La Jetée, 1962, is a black and white French science fiction film, constructed almost entirely from still frames. The 28-minute short film is set in a post-apocalyptic, near-future setting at the aftermath of World War III in Paris. Themes of perpetual memory are explored through the act of time travel. Time, therefore is non-linear and rather in a state of flux. (Norman Rodowick, 1997)
The montage of still images replicates the gaps in ones’ ability to recollect memory. The illusion of cinematic movement is achieved through post production stages of editing. Slow dissolves and moving out transitions are seen prominently throughout the film to evoke rhythm, temporality and provoke the feelings of time lapse. Sound effects also plays a key role in Chris Marker’s film, where it enriches the sense of movement.
The unnamed main character’s use of direct speech is non-existent and hence makes the audience see them as lifeless and detached from present. Moreover, they are paused in time. In an empty space between reality and science… A lacuna.
La Jetée’s investigation into memory’s fragility and unpredictability is successful, even though its execution is outdated in a contemporary context. The audience are trapped in the immobility of the images, much like the characters being trapped in time in the film.
After being exposed to Le Jetée, we were influenced to produce a short montage within an hour time restraint. Our group were inspired by the lyrics of Courtney Barnett’s song Avant Gardener. Our concept stemmed from her words “I sleep in late, another day, oh what a wonder, oh what a waste. It’s a Monday, it’s so mundane.” We produced a series of 15 photographs where we depicted the act of sleeping in an unusual garden environment. The photographs we created were witty and unrealistic, however abstracted the themes explored in the song.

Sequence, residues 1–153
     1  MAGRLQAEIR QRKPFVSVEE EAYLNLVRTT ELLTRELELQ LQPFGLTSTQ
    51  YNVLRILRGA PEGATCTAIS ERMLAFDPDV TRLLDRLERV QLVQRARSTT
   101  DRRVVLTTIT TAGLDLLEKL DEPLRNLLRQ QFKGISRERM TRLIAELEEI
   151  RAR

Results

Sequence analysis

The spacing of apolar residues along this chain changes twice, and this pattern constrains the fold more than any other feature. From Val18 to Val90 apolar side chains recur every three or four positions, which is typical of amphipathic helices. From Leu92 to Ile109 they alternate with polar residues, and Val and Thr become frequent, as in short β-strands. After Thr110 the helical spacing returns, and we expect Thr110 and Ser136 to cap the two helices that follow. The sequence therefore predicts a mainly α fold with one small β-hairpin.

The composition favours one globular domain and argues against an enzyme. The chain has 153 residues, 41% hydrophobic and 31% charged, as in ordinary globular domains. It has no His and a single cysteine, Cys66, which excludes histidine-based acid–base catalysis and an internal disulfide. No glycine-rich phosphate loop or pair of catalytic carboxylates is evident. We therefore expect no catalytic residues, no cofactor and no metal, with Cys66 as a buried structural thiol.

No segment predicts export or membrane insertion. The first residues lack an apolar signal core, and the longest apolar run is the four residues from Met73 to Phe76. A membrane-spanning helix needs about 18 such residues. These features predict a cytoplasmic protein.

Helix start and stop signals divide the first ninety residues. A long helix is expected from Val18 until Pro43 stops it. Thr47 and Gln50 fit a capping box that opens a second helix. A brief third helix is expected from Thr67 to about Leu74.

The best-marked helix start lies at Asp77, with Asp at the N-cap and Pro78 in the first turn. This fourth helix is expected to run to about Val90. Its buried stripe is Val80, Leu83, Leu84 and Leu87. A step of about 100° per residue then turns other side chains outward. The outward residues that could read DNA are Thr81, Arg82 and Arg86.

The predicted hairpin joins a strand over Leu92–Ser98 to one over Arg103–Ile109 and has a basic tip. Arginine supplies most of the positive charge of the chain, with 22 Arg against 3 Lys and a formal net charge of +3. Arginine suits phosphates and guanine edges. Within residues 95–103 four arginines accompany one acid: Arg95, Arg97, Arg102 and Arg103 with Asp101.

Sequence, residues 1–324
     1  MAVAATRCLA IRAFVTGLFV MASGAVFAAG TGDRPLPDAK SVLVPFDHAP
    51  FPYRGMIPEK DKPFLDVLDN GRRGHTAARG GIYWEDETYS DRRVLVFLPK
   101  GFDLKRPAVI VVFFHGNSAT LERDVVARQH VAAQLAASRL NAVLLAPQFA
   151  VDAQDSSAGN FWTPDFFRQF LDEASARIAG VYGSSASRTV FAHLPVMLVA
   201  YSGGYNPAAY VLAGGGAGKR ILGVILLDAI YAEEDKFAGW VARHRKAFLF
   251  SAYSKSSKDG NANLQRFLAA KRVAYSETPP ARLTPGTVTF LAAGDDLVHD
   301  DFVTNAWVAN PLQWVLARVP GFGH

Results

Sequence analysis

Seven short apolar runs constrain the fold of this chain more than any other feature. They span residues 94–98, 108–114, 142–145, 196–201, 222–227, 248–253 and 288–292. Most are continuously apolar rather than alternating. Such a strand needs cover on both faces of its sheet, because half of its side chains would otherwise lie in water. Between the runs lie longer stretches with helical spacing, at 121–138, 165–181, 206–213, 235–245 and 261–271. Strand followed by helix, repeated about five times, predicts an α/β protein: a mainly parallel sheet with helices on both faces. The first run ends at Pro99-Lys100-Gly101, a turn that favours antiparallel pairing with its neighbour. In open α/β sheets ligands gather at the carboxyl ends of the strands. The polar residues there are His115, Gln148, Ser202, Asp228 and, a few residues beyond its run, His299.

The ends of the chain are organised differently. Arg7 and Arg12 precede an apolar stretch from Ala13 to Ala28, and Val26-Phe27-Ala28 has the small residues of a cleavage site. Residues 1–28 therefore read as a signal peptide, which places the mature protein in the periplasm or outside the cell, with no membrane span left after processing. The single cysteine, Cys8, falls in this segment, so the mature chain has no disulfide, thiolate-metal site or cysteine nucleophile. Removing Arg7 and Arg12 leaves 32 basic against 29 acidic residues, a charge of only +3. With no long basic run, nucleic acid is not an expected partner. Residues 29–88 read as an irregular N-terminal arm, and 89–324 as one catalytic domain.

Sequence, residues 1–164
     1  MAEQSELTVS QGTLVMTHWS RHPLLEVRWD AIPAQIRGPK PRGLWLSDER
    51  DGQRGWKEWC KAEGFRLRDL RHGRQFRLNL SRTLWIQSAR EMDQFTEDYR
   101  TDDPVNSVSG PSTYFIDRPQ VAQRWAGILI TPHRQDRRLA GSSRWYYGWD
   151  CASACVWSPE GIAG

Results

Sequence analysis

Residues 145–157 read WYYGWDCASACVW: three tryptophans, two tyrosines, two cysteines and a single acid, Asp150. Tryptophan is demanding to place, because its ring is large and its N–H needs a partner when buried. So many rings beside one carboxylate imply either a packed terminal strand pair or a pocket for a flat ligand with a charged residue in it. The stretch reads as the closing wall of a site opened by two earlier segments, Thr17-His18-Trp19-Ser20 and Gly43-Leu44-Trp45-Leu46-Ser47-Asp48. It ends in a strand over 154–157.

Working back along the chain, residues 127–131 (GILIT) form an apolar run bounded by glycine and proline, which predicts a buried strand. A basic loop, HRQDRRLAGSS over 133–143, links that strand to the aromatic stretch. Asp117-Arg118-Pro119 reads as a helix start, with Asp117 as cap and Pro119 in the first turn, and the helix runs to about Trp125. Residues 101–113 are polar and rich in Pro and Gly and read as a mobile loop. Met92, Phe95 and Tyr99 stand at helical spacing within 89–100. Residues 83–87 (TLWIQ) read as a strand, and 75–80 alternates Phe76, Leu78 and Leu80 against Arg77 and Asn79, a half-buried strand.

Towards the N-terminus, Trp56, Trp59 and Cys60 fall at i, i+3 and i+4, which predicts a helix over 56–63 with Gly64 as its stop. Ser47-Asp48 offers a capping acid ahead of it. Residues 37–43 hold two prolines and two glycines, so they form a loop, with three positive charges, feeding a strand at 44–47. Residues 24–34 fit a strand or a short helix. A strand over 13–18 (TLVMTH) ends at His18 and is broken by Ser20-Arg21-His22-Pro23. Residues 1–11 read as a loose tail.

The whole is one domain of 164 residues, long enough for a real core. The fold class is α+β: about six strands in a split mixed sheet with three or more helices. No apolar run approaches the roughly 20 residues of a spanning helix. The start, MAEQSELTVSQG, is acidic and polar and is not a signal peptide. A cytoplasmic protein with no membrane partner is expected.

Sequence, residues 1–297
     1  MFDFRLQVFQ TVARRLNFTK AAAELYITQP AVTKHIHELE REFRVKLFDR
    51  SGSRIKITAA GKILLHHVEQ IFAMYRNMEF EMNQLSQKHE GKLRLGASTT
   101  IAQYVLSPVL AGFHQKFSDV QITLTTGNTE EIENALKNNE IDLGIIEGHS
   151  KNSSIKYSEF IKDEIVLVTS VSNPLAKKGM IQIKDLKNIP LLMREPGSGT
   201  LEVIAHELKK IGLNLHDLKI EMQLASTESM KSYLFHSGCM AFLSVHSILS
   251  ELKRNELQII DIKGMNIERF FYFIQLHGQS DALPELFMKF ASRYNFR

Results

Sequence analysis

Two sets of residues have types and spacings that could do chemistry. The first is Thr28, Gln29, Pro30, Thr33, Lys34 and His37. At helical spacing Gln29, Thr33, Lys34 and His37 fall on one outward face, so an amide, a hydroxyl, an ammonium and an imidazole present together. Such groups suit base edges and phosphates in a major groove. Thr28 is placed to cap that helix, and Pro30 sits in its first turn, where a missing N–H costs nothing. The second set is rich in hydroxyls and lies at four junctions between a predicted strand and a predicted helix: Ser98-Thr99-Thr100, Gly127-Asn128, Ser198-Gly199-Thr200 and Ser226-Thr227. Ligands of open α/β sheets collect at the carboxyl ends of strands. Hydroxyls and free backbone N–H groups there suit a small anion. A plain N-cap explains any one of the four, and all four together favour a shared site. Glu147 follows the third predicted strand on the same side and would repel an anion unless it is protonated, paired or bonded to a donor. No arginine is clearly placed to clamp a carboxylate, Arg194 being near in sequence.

We edited the photographs and rotated images to generate interest and intrigue. The desaturation of reds and blues combined with an increase of greens in each photograph created a certain tone for our final outcome. Set at two seconds apart, the montage is displayed with a voice over narration of Barnett’s song. We didn’t want to be too obvious and literal in our visual representation of the song, so we decided to produce a coherent set of images, where the audience can make their own interpretations out of it.
Lamos Ignoramous 2017, Chris Marker’s La Jetee Analysis: Morality and the Illusion of Time, viewed 16 March 2017,
Norman Rodowick, D. 1997, Gilles Deleuze’s Time Machine, Duke University Press.